Working through life’s challenges can be exceptionally hard especially when there is still so much stigma about mental health issues. Finding happiness again is my new blog series looking at coping mechanisms that people use to work through their dark times and find happiness again. Specifically today’s is about coping mechanisms for depression.
This week’s guest blogger is Pippa who blogs over at www.phigella.com about her family, pets, her health issues and anything else that takes her fancy. In this guest blog post she throws a spotlight on depression and her coping mechanisms for depression. Hopefully this post will help raise awareness on depression and help any of you who are currently suffering.
Depression. This can be a tricky topic to talk about because, even today, people seem to think that depression means you just feel a bit down or upset, yes that is part of it, but anyone can feel down or upset, depression is an entirely different beast and does need to be treated by medical professionals.
I was first diagnosed with depression when I was 15, 22 years ago! Oh, My Word, that makes me feel really old. I didn’t really take my diagnosis seriously then, like a lot of others I felt that I should be able to cheer up and get over it, but depression doesn’t work like that.
“Depression eats away at you, devours your self esteem and confidence. It makes you feel like the worst version of yourself, someone who isn’t worthy to breath never mind anything else.“
I went to counselling from the age of 16 until I was 17 but I refused to take medication. I had an idea that I would become a shell, something unable to feel anything, the reality is I was unable to feel things because I was depressed.
“The world is very black and white with depression, there is no colour, no grey, no in-between just black or white, one or the other.“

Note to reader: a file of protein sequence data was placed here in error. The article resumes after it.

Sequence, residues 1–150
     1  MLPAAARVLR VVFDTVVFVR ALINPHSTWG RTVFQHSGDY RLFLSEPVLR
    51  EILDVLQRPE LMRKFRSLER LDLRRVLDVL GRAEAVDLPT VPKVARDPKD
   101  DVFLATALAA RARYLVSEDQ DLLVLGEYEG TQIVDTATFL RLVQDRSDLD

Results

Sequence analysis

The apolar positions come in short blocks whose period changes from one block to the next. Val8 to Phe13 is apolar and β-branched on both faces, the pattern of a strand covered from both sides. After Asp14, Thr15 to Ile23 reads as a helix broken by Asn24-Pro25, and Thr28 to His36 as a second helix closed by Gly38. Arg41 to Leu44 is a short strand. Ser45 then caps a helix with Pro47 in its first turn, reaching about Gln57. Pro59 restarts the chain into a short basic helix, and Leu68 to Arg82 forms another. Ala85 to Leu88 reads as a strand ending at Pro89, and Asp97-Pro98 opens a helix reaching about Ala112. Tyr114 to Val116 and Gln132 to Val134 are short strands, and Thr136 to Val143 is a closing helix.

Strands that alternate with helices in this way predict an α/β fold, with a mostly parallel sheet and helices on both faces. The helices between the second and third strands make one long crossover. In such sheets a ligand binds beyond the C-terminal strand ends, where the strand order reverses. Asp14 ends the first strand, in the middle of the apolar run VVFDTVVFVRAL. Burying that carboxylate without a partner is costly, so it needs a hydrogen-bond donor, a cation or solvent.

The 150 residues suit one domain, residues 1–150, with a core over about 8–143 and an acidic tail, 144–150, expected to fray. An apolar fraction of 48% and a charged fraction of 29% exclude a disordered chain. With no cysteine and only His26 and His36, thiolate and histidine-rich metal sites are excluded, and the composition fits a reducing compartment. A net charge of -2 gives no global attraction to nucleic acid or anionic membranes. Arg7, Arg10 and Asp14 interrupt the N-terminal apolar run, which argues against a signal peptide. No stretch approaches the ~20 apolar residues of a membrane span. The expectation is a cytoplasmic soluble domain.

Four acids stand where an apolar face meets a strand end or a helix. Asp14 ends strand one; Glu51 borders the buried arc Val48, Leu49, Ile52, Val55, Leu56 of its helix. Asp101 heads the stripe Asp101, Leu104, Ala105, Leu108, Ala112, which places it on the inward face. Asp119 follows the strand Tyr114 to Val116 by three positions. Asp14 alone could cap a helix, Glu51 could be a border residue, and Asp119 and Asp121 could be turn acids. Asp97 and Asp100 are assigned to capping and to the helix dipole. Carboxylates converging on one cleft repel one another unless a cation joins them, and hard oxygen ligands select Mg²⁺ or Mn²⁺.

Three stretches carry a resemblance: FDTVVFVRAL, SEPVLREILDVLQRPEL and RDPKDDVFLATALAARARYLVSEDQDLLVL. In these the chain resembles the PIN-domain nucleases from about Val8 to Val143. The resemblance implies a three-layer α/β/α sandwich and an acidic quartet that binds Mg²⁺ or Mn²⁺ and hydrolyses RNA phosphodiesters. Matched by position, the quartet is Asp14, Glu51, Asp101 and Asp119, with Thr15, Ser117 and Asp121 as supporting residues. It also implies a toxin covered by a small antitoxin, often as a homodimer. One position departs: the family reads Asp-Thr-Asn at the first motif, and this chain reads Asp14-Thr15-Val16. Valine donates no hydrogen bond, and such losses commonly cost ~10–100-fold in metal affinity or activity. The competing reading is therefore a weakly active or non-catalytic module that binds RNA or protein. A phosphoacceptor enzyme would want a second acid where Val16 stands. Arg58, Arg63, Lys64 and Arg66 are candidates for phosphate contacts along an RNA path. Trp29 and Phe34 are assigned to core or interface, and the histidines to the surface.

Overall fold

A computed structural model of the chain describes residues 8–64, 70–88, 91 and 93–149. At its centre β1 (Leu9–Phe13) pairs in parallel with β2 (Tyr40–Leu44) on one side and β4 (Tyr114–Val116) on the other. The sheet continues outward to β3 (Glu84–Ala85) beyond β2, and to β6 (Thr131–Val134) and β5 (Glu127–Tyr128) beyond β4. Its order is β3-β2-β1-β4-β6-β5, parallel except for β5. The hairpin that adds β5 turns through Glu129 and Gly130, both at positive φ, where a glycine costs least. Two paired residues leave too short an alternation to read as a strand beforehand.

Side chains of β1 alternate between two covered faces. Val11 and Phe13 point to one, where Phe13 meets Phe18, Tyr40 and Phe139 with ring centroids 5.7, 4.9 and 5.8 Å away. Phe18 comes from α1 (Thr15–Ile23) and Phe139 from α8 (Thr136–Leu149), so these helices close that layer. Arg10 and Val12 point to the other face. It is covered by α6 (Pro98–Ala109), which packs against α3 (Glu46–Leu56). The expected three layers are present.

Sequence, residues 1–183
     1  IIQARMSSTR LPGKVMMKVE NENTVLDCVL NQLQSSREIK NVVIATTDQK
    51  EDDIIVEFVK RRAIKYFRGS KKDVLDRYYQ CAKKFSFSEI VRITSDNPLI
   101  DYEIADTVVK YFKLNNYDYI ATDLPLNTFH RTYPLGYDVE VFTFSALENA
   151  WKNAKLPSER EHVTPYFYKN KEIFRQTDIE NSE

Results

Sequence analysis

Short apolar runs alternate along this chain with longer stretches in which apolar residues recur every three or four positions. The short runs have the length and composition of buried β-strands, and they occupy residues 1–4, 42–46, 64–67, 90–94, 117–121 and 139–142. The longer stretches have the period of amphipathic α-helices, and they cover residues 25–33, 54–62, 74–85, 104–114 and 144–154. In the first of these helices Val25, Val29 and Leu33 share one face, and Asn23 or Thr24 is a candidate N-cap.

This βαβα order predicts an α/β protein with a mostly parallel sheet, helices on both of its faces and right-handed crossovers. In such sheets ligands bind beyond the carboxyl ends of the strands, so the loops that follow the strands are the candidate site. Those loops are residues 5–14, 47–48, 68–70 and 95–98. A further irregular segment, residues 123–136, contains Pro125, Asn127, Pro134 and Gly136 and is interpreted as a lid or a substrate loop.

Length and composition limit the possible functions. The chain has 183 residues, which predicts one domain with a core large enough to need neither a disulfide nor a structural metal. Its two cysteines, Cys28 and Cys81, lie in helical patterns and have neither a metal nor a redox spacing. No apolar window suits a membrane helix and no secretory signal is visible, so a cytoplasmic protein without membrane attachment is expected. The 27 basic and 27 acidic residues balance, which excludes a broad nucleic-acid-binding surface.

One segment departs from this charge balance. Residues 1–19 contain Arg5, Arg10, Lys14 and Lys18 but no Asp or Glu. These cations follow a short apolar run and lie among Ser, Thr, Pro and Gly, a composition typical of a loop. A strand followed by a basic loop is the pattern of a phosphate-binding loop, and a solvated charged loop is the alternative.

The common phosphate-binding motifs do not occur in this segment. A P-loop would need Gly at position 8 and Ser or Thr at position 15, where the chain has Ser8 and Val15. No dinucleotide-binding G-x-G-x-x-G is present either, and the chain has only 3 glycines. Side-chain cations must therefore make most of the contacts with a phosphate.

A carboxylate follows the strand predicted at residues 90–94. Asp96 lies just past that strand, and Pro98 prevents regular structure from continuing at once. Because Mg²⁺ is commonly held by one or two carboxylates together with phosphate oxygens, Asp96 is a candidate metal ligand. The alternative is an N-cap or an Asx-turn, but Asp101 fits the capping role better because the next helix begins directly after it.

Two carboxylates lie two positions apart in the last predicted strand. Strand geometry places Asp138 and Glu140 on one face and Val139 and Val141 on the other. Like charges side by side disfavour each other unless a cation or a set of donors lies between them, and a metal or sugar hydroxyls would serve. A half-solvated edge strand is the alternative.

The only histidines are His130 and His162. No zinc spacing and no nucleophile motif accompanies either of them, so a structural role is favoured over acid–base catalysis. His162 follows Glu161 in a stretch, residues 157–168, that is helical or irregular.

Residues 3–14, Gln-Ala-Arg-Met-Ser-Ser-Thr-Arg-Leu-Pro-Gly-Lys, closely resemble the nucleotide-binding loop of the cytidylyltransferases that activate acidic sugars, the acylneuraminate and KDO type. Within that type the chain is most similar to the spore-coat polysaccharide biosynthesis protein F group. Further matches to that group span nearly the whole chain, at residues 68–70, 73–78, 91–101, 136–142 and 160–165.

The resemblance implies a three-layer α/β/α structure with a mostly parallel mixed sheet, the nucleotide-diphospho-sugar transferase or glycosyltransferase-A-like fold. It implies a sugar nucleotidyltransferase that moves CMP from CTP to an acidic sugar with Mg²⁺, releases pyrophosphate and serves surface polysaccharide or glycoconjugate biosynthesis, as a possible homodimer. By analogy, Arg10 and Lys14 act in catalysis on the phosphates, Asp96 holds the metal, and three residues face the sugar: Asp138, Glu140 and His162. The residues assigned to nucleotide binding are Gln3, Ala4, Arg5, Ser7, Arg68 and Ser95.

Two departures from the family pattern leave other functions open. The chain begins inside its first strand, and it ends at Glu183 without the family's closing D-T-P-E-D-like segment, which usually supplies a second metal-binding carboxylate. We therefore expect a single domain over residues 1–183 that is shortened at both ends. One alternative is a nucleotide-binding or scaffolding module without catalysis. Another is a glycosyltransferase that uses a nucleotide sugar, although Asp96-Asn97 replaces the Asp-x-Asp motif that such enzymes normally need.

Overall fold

You can’t see beyond what’s in front of you, thinking about something tomorrow or the day after just doesn’t happen it’s like coming to a crossroad and seeing only left or right, there is no straight on, you can’t see it.
Over the years I was able to hide my depression and hide it well. It was on the pretence that I was managing it, pfft, I was managing nothing, I was just ignoring it and hoping it would go away and I was like that for 20 years. I needed to develop coping mechanisms for depression but I didn’t have any yet.
I did have further counselling on and off over those 20 years and each time I would feel great when I finished my allotted 6 sessions and within a month I’d be right back where I started because I wasn’t learning to manage my health, I was learning to appear better for the medical professionals and my family.
Part of the reason for this pretense is the depression itself. I find it very difficult to tell people that I’m struggling and need help. A part of me thinks I should just be able to cope, all these other people can cope so why can’t I? The other part of it was thinking about people who had or have worse health issue than me, why am I using up resources when I should be able to manage this?
Well 2 years ago I had a total breakdown of my mental health and I had no idea.I thought it was everything and everyone else who had a problem or was taking things the wrong way.
“I hated everything about life, everything. I hated my job, my husband, my family, but most of all myself. “